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Although the title mentions file, it doesn't have to be a file. Any locking mechanism would do.

Here is the situation: I have a daemon process written in C, and a web page in php. I'd like to have a way of mutual locking so that under certain situation, the C daemon would lock a file and php detects the situation and tells the client side that the system is busy.

Is there an easy way of doing this?


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4 Answers 4

up vote 3 down vote accepted

flock does it properly.

In your PHP script, use a non-blocking lock:

$fd = fopen('/var/run/lock.file', 'r+');
if (!flock($fd, LOCK_SH | LOCK_NB, $wouldblock) && $wouldblock) {
    // buzy

The LOCK_NB flag make this call non blocking. If the file is locked exclusively, it will return immediately. Multiple pages will be allowed to lock the file at the same time.

You can release the lock with

flock($fd, LOCK_UN);

In your C daemon, use a blocking and exclusive lock:

flock(fd, LOCK_EX); // This will wait until no page has locked the file

See PHP's flock() documentation and C's one

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You could have your daemon create a file when busy, and remove it when not, then in PHP do something like:

if (file_exists('/path/to/file')) {
    echo 'System busy';
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Much easier to do this than having to hit the database each time. As long as the daemon's careful to remove the file after the lockout period is over, this is most likely the simplest and most failproof option. +1 –  Marc B Jan 25 '11 at 16:47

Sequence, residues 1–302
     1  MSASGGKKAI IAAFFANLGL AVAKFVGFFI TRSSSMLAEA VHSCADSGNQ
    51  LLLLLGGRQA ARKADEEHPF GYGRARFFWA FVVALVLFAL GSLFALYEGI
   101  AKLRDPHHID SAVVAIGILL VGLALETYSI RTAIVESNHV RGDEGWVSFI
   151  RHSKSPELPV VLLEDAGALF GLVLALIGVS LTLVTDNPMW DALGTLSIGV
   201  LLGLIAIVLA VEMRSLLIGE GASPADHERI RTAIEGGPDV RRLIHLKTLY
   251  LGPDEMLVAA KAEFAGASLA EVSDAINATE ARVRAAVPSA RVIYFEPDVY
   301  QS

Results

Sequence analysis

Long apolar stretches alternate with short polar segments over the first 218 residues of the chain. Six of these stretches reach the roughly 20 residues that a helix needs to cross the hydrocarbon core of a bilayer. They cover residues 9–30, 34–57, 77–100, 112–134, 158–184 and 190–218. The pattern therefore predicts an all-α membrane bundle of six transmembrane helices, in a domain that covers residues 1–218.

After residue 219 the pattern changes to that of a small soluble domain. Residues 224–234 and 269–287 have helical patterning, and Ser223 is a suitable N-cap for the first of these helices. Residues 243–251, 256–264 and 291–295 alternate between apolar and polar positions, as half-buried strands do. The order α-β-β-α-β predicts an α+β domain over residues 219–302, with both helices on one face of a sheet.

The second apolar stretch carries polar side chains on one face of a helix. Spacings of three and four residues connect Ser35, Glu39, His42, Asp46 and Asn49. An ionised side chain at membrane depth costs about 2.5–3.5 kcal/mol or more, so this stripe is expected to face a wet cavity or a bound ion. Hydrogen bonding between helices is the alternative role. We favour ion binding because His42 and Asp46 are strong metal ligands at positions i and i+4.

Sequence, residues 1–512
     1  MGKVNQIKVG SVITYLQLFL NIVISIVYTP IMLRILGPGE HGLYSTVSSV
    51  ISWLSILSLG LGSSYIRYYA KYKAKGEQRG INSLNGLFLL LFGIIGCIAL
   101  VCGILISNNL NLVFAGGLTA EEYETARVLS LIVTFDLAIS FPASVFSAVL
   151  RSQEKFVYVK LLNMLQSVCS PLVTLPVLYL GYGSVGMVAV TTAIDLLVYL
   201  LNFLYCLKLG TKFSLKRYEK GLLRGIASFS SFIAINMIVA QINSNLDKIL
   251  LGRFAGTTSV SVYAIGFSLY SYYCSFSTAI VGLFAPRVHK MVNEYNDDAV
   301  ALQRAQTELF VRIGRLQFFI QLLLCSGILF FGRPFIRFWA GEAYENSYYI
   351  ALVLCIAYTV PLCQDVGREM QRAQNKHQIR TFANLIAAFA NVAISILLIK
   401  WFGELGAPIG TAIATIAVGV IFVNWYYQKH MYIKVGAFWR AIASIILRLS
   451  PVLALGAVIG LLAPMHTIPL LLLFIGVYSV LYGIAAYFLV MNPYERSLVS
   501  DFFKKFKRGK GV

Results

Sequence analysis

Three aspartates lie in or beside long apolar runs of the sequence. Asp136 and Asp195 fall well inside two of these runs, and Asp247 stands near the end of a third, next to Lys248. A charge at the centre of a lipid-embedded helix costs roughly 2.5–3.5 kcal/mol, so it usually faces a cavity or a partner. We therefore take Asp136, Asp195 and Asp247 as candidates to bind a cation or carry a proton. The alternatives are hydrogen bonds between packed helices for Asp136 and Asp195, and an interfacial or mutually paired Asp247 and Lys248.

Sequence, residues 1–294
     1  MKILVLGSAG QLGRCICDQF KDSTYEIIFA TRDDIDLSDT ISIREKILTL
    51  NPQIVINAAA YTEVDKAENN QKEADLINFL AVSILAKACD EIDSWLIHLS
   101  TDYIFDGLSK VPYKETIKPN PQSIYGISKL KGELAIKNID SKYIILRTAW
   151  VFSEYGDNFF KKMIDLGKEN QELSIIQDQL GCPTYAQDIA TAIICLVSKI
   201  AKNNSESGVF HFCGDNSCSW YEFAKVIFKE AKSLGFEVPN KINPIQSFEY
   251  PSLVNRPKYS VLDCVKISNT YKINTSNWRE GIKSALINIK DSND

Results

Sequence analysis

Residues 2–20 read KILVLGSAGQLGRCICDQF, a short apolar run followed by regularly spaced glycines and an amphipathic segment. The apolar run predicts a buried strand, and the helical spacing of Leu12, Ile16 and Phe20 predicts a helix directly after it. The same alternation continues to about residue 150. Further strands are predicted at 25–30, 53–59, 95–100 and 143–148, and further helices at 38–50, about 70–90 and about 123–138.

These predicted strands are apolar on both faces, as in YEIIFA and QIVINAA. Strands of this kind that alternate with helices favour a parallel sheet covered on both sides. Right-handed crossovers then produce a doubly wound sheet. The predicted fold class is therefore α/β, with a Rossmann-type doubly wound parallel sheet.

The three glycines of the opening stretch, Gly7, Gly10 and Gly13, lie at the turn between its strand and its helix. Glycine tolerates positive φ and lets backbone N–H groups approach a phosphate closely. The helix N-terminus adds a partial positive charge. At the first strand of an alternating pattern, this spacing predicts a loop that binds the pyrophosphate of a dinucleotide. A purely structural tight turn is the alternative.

mfonda: this looks like it might be a victim of race condition. No? –  lang2 Jan 25 '11 at 16:51
The problem with this is that the daemon can start just during the file_exits() call and create the file just after the call or at any time during execution of the page. –  arnaud576875 Jan 25 '11 at 16:53
@lang2 @user576875 Yeah looks like you're right--user576875's solution is the way to go. –  mfonda Jan 25 '11 at 16:57

If your PHP application is database driven, it should be easy to update a certain column of that database to indicate "the system is busy".

Your cronjob would set and reset this flag and your PHP application can read its value.

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Do you only want PHP to detect that the daemon is busy? Or do you actually want them to wait on each other? Using an exclusive lock would have the downside that the C daemon will have to wait for any and all PHP instances to finish their work before it can grab its lock and continue on.

If you're only looking to detect that the C daemon is busy (ie, only in one direction), just testing for the existance of a busy token file (or semaphore, or shared memory object - platform dependant) might be a better option. Creating files tends to be more expensive than just setting a simple flag in shared memory however.

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Only to detect if the daemon is busy. But the good thing about a file is that it's persistent. I'm not sure if you can have persistent semaphore or shared memory? –  lang2 Jan 26 '11 at 8:57
By persistent do you mean across reboots? Or across process lifecycle? Why not just have the daemon create a shared memory region that the clients all attach to on startup. They can check for the "busy" flag there. –  CoreyStup Jan 26 '11 at 16:15

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